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Hundreds gather to celebrate Native American culture at Pow-wow



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Head Dancers for the 42nd Annual Labor Day Pow-wow in Sanbornton were Josh Knight and Casandra Jones. The pair had the honor of leading groups of dancers around the Arbor for the daily Grand Entry processions and other dancing throughout the weekend. (Donna Rhodes) (click for larger version)
September 05, 2012
SANBORNTON — The woods of the Dulac Land Trust on Osgood Road in Sanbornton were alive with the sound of drums over the weekend, when the 42nd annual Labor Day Pow-wow drew hundreds of people, both participants and visitors, to a celebration of Native American culture and tradition.

Organized each year by the Laconia Indian Historical Association, the weekend is filled with dancing, crafts for children, food and vendors of Native American crafts and products. People flocked to the tents where they could purchase jewelry, leather goods, hand woven blankets, books, and so much more.

"Everything has been going very well, and it looks like a record crowd this year," said LIHA president Brian Sulesky on Saturday.

While many people visited for just the day, others opted to camp out for the entire weekend, and everything from modern day campers and nylon tents to tipis and round houses filled the 90-acre tract of forest.

"I've been coming here since I was little. This is my escape, where I can get 'centered' again," said Angela, who grew up in Sanbornton, and now brings her daughter along to enjoy the weekend, too. "I only missed it once, when I was pregnant with her."

Nine-year-old Olivia was another regular at the event, saying her family has brought her to Sanbornton for the pow-wows since she was just three months old.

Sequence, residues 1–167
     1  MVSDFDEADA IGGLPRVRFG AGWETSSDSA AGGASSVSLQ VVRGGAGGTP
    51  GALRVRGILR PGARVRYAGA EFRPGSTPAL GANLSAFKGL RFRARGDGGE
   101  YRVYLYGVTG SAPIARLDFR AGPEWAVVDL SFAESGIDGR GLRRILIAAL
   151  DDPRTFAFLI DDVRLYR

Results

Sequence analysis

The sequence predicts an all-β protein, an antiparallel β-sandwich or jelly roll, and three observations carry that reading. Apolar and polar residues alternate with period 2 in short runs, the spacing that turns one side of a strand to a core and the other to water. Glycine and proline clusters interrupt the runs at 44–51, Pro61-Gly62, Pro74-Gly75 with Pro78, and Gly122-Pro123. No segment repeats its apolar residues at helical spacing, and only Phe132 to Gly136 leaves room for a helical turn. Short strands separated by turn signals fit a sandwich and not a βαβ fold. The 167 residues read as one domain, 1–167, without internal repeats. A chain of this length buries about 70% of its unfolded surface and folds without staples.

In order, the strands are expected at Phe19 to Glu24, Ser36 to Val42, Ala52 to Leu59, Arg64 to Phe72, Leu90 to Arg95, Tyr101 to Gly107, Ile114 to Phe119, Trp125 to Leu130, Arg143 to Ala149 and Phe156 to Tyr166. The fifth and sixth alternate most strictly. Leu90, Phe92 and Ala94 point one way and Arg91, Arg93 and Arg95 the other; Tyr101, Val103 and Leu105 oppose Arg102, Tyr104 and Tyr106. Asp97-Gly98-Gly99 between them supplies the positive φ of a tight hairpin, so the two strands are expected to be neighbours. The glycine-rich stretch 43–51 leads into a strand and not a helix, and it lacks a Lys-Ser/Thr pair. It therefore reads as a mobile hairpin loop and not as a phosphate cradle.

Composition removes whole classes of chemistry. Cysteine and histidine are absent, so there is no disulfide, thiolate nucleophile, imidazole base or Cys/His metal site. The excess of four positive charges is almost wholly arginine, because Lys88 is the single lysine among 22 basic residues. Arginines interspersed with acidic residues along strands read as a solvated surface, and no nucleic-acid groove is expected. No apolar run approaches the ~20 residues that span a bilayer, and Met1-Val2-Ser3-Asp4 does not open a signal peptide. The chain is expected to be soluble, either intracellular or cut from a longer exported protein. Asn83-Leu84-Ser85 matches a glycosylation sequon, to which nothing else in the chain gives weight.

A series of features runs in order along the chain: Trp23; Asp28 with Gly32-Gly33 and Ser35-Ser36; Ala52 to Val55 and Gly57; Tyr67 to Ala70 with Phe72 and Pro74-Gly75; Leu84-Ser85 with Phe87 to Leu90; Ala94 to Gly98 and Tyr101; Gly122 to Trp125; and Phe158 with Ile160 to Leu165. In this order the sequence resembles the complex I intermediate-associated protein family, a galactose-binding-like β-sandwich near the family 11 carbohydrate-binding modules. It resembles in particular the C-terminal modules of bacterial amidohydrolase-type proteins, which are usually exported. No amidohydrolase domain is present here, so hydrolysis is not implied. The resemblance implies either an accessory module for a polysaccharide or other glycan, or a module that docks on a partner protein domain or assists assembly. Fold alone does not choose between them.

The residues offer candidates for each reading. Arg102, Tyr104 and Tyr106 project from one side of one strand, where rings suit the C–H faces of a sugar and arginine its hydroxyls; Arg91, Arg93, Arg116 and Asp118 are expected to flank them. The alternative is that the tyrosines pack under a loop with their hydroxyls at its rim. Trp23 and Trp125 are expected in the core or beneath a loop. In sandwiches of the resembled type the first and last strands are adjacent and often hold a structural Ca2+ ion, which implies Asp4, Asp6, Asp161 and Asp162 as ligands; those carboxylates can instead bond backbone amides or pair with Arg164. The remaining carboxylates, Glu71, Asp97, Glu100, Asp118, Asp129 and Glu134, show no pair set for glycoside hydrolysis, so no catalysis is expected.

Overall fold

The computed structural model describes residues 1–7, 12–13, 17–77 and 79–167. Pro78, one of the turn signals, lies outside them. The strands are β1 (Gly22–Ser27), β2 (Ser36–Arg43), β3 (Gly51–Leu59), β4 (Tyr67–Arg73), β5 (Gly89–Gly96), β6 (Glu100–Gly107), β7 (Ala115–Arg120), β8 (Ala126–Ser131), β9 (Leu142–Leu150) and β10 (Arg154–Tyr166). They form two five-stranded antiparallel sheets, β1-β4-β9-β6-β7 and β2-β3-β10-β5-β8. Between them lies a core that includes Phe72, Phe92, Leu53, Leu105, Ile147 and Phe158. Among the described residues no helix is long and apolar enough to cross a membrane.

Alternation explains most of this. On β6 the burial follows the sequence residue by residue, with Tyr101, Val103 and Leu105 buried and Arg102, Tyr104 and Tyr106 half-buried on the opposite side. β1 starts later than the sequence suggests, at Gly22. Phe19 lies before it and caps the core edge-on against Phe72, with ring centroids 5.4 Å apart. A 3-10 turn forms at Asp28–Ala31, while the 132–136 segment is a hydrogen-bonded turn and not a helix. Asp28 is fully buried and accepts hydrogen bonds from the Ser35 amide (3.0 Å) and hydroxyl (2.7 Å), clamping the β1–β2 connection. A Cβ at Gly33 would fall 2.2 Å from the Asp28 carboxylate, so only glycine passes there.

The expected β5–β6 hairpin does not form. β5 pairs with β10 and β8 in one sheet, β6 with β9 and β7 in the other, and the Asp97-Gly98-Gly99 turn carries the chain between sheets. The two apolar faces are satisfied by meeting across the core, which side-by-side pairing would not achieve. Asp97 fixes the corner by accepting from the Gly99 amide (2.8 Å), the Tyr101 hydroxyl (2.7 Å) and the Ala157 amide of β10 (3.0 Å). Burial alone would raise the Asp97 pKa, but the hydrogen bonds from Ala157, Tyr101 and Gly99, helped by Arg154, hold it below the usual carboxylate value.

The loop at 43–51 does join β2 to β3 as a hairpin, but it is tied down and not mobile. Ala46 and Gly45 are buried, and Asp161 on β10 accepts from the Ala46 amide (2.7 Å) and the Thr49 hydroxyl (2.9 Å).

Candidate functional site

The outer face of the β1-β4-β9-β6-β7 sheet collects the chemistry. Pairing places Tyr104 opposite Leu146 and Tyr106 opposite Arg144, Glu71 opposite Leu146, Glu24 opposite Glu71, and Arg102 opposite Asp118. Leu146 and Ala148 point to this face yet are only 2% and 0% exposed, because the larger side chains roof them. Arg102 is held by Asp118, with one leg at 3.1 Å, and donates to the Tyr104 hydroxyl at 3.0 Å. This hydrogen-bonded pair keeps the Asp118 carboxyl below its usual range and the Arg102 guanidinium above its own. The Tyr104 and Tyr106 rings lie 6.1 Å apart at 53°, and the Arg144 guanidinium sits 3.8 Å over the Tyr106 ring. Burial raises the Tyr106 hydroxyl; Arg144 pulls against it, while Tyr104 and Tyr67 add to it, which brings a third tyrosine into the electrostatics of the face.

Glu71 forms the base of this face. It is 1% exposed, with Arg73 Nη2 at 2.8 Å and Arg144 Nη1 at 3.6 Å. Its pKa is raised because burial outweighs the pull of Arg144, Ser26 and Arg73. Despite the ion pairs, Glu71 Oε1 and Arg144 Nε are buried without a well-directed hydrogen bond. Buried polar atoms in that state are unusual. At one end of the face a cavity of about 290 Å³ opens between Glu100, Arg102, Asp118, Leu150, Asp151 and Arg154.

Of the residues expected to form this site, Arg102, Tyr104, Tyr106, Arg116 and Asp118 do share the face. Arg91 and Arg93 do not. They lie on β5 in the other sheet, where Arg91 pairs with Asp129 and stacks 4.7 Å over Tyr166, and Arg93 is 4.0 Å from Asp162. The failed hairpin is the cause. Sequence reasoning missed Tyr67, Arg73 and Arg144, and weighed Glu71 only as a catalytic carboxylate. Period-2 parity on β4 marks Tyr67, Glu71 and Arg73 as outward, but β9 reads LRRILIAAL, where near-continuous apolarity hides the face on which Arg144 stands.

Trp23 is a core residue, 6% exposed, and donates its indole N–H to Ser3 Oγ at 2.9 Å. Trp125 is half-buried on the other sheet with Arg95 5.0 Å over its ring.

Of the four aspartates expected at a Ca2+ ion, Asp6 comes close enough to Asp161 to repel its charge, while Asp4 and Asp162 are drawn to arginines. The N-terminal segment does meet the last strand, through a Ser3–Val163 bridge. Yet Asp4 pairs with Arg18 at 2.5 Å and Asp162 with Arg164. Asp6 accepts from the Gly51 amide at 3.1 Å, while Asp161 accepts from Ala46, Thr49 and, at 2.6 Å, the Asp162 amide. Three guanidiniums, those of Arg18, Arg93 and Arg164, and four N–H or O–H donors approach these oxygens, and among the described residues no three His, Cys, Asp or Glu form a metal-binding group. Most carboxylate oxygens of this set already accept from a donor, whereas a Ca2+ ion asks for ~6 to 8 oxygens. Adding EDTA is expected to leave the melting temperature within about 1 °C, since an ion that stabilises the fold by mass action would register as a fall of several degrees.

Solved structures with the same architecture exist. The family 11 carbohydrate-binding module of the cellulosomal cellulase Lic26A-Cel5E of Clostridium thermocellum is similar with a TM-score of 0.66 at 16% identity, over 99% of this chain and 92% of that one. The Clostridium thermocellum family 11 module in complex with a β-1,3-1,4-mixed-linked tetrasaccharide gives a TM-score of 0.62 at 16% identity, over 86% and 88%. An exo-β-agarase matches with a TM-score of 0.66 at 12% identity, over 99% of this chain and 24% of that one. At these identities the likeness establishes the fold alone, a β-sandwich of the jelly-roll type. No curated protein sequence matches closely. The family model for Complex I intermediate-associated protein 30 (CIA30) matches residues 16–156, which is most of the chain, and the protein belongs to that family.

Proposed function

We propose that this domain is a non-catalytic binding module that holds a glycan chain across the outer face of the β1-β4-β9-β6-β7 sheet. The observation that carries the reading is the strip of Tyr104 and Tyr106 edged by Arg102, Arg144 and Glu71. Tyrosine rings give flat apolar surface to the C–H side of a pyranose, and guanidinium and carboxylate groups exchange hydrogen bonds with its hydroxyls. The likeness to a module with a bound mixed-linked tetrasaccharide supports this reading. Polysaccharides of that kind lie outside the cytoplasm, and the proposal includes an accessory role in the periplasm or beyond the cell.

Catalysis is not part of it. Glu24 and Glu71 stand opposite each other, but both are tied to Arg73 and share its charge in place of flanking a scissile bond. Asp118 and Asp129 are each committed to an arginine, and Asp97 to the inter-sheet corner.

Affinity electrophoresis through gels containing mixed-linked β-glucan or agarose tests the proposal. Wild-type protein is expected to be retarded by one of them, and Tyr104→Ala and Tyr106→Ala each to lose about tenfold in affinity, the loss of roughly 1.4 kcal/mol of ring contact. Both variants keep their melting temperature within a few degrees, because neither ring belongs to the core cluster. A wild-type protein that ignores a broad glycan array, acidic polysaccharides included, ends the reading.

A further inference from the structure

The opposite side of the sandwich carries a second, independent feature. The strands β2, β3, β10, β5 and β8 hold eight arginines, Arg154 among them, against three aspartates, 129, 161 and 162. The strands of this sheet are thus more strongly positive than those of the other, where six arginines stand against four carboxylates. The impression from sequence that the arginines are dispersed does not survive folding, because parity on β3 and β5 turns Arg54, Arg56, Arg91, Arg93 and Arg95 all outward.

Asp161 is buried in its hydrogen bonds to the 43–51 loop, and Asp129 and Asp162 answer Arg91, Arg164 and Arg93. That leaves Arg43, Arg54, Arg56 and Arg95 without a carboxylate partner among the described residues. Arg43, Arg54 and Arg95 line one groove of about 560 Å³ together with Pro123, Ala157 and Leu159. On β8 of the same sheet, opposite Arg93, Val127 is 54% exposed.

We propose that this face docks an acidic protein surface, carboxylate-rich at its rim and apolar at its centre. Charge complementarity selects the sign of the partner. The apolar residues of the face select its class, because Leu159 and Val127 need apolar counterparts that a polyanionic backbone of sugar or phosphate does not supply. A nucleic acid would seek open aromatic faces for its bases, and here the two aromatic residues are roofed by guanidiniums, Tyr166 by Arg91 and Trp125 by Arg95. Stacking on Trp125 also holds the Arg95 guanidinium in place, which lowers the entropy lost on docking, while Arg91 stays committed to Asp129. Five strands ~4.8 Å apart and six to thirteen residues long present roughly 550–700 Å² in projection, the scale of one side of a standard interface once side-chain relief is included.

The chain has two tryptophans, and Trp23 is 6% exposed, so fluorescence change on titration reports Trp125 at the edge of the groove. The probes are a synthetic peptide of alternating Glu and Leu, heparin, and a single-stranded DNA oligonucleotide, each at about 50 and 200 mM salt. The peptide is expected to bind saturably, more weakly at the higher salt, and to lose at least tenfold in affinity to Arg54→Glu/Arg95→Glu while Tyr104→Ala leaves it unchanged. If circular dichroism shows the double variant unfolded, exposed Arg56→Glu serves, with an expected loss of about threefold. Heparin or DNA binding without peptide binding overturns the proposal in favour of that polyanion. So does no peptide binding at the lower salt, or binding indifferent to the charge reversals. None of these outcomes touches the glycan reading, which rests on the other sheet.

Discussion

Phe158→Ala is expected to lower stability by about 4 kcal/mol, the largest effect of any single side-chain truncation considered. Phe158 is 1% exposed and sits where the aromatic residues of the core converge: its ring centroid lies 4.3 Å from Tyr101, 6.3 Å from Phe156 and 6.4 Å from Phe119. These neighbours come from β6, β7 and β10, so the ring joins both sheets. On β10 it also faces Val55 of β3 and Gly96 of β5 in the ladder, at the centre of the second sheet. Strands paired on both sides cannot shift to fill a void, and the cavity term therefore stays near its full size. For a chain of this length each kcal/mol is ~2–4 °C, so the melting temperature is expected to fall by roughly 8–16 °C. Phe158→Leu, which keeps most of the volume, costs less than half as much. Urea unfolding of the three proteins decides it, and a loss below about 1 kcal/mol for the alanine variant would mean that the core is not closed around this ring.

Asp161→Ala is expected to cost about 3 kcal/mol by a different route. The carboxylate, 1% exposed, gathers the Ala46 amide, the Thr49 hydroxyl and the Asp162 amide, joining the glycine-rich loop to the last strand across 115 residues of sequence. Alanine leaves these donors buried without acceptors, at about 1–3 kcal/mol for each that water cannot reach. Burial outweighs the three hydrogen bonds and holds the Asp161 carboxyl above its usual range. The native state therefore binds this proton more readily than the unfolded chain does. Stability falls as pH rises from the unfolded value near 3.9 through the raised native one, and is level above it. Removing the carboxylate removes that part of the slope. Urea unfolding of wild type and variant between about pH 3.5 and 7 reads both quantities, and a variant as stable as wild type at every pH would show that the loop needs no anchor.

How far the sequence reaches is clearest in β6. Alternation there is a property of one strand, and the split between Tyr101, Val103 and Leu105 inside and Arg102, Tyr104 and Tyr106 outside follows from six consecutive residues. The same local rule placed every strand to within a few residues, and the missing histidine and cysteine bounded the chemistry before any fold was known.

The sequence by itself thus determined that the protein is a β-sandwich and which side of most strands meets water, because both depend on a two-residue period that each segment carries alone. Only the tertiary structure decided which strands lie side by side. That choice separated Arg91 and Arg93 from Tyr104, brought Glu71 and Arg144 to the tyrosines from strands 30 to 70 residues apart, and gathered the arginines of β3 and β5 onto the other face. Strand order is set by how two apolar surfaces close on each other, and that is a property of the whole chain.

For anyone who sought a little time to reflect and honor those who are deceased, there was a beautiful water fountain and Memorial Garden beside Stillwaters Pond. Benches along the pond's edge allowed people the opportunity to enjoy a few quiet moments before rejoining the festivities.

At midday on Saturday and Sunday, the focus turned to the Arbor, where crowds awaited the Grand Entry. Master of Ceremonies Ed Berman announced beforehand that no photos were allowed during the entry however. He also asked everyone to rise and remain standing as the group entered the Arbor to the music of the drumming groups Eastern Medicine Singers and Mountain Spirit.

For the first time in several years, head dancers were named for the weekend, and Josh Knight and Casandra Jones proudly led everyone as they made their way around the circle. Joining them were veterans who are also honored in each Grand Entry out of gratitude and respect for their service.

"This second song is for you, the veterans, and your families," said Berman after the initial dance. "Please come forward so we may honor you."

Holding feathered wings, the men and women who have served the nation in all branches of the military then danced on their own to the beat of the drums. Following the Entry ceremonies, everyone was invited to join in the dancing for the remainder of the afternoon.

The musicians, such as Eastern Medicine Singers, are dedicated groups who perform the intricate and often sacred songs of their Native American ancestors. Seated together in a circle around a large drum, they all sing and chant to their rhythmic beat.

Artie, also known as Red Medicine, said his group was using one of their smaller drums for the weekend, which was 33 inches in diameter, but they also have another that is 49 inches across. The drums are handmade of oak, moose sinew and buffalo hide and have a deep, resonating tone.

Eastern Medicine Singers is comprised of more than a dozen members who come together from Connecticut, Rhode Island and Massachusetts to practice twice a week for pow-wows and other events.

"I missed my own Pow-wow (in Rhode Island) so I could be at this one, but I'll join them on Monday," Artie said, adding he was pleased with the reception the group received while in Sanbornton.

Evening hours generally find more dancers in full regalia when temperatures are cooler, but even during the day, there was much to see and enjoy. Several of the men, women and children were still draped in furs, shawls, beadwork, and other Native American clothing from several tribes as they moved to the rhythm of the drums.

LIHA, based in Laconia, is a nonprofit group who hold several events throughout the year, including a Learners Weekend in June at the Dulac Land Trust and the Sugar Run Pow-wow held in April at Memorial Middle School in Laconia. For more information on the organization, please visit www.lihanh.org.

Garnett Hill
Salmon Press
Parker Village
Martin Lord Osman
Northern Human Services
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